SAN FRANCISCO: Why CEO of TaskRabbit is stepping down while business is good


BizJournal, Hayley Ringle

SAN FRANCISCO — TaskRabbit co-founder and CEO Leah Busque said today in Phoenix she was stepping down from her top post for the second time because the business is so strong and she wanted more freedom to do other things.

Busque will become TaskRabbit’s executive chairwoman and take on more of a leadership role with the board.

TaskRabbit’s COO of three years, Stacy Brown-Philpot, will take over as CEO. The announcement was made in the past week.

“I’ve been thinking about doing this for many months,” Busque said Monday in Phoenix. “We decided together (with Brown-Philpot) this was the best time because the business was so strong.”

Busque was the featured lunch speaker today at the fourth annual Girls in Tech Catalyst Conference at downtown Phoenix’s Hotel Palomar.

TaskRabbit, which Busque started in 2008 with her husband Kevin, said revenue is up 300 percent and March was the company’s biggest quarter ever.

The company plans to expand further in Europe after it launched in London, and is looking to expand next in Asia. While TaskRabbit is in 20 cities across the U.S., it is not available in Arizona.

San Francisco-based TaskRabbit is an on-demand app that matches people who need various tasks and errands done with people who can do those tasks.

Busque said she plans to focus more on women in technology and the local college board she sits on. She is also pregnant with her second child.

“This new role will help TaskRabbit grow,” she said.

As a former IBM software engineer, Busque said it’s important to know when to step back, and when to move forward.

When she first stepped back in 2011 and hired former Hotwire co-founder Eric Grosse to take over the company, she needed a strong business partner. However, after nine months they both realized it wasn’t working, and Busque resumed CEO duties.

“We needed the founder to be there and we needed a strong product leader,” Busque said.

Now, after meeting Brown-Philpot a year and a half before she hired her, the former Google executive has handled the operations so well in her three years Busque felt it was time to pass on the reins to her.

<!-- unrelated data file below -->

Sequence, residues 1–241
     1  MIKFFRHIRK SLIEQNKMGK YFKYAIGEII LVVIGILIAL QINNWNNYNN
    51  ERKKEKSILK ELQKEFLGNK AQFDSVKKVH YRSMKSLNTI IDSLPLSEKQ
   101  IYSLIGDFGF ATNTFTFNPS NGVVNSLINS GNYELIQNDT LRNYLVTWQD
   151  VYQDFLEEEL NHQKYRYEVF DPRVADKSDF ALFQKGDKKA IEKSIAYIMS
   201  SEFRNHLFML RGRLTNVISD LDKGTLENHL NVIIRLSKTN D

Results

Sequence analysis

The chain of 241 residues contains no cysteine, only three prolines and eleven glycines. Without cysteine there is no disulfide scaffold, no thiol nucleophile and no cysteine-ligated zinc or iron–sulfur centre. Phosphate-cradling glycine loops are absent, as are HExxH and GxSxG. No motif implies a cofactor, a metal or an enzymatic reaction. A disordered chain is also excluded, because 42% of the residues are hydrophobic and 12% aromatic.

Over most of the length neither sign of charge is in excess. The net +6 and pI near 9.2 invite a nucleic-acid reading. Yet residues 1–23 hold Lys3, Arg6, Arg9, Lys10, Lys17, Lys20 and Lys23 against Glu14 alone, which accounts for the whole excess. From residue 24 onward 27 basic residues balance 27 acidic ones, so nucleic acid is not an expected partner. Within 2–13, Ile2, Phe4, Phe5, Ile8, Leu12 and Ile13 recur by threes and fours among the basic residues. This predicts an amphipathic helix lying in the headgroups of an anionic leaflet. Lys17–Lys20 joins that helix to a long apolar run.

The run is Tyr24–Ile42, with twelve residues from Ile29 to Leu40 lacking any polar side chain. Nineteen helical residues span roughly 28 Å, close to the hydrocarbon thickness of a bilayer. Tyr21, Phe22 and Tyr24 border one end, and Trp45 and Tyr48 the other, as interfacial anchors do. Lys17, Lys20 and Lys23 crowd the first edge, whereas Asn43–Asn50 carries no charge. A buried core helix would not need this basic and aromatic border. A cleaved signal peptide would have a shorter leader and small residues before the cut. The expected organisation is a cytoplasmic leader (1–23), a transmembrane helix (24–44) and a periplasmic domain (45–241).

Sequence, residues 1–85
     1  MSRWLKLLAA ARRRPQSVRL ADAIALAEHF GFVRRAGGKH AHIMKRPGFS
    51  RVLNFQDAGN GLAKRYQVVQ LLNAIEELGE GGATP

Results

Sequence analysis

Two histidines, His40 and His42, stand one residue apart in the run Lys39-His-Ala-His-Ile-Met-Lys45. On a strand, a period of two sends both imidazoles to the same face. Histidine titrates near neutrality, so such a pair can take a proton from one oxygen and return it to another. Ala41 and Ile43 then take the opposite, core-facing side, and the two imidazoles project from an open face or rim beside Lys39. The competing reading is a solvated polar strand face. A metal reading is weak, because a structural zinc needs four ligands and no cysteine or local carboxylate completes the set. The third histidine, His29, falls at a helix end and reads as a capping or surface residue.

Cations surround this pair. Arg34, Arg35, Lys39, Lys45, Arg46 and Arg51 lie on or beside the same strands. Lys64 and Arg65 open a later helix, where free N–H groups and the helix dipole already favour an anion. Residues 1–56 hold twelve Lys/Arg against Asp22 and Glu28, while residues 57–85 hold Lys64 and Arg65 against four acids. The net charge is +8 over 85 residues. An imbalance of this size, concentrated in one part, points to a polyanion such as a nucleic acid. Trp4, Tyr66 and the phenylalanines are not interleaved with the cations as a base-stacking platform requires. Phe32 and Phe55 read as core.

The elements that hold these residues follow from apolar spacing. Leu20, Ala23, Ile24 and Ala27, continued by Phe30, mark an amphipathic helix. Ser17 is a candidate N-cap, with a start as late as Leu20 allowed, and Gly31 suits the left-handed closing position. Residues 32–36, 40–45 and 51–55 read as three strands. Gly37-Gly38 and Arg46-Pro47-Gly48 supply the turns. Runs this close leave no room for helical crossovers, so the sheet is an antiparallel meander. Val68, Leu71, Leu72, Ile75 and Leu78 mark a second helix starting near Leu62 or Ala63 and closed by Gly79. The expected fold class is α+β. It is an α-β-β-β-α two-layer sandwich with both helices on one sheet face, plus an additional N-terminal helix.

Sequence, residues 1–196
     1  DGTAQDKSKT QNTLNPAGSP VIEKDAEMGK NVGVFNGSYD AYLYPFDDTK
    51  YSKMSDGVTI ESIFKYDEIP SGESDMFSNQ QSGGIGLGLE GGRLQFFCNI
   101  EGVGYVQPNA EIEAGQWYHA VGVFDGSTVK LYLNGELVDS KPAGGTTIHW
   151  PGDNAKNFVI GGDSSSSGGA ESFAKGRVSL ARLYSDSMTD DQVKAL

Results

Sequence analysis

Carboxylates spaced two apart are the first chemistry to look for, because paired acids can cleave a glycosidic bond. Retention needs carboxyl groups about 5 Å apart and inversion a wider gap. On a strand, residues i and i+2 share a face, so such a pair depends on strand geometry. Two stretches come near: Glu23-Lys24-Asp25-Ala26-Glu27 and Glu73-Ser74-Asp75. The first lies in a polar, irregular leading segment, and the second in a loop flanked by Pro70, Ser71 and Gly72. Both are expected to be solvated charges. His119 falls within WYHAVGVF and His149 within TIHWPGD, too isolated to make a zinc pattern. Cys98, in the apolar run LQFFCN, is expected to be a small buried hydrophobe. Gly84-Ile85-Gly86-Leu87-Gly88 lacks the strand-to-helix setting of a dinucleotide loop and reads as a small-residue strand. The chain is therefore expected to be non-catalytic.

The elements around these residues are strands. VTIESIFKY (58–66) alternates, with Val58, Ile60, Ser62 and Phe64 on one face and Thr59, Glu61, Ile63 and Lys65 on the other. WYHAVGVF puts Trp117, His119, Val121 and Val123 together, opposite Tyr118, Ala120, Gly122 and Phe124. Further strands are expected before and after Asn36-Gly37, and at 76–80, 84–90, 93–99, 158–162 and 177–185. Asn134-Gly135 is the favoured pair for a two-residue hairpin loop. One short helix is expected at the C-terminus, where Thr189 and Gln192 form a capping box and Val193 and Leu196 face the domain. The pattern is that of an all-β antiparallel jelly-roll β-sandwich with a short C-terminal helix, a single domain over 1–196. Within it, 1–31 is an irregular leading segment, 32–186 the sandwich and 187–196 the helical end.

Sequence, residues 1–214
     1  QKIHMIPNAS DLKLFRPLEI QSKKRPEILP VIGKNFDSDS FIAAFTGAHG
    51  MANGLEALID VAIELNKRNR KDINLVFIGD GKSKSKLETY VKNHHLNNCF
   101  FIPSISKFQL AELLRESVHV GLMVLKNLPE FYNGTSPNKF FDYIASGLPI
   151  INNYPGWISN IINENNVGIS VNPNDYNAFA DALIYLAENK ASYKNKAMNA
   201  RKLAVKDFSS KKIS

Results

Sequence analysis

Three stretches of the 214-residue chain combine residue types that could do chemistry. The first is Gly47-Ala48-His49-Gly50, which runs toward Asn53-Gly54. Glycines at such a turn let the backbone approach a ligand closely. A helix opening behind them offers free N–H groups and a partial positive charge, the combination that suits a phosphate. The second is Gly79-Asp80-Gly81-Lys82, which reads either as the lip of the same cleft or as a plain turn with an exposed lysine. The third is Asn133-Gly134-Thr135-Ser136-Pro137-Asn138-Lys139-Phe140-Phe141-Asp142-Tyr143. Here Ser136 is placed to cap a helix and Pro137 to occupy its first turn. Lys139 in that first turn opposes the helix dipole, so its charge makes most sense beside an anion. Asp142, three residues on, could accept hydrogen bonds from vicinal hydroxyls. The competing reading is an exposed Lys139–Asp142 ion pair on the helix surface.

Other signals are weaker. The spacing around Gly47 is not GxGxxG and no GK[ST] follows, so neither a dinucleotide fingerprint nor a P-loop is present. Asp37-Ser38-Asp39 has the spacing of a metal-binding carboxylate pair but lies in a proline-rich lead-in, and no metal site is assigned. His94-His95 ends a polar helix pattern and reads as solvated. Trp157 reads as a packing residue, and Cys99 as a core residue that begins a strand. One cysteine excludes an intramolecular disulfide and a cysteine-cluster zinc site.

“This was a natural time to transition,” Busque said. “This also furthers our commitment to ensure we have a diverse team, not only with gender but with age and race. We are actively focused on it.”

Brown-Philpot is African American.

Busque started TaskRabbit in Boston originally as after cashing out her $27,000 IBM pension. She built the first version of the software company, and then the economy collapsed.

It turned out to be the best time for a company like hers to offer people jobs.

“It was really lucky timing with the economy because so many people needed jobs, including my dad,” Busque said. “We realized this was more of a product, this was going to change the way people worked.”

While the sharing economy is very common now, with popular companies such as Uber, Postmates and Zeel, TaskRabbit was one of the first in 2008, and is facing even more competition as more companies pop up in the space.

“I’ve seen so many companies come and go,” she said. “Long ago I decided to focus on what I’m doing and not on what other competing companies are doing.”

Initially, it took her nine months to get angel investment. She knew she needed money to build a team and further scale the business.

“We were so passionate about what we were building,” she said. “We were focused on what was possible and just put our fears out of our mind.”

TaskRabbit has since raised about $50 million and is live in cities across the country and in London.

Because the company started in such a tough economy, Busque said TaskRabbit has always operated in a disciplined fashion. Growth was originally organic through free press and word of mouth. The company is only now spending more on ads and marketing.

“We’re very smart and strategic in how we spend our money,” she said. “This quarter we’ve spent the most ever on marketing because we know we can show returns on it.”

As a female in a male-dominated industry, Busque said luckily she has rarely dealt with gender issues or biases against her. She recalled one investor who called her “babe” after a pitch and that really shocked her.

“I really couldn’t believe it,” she said. “It threw me off my game.”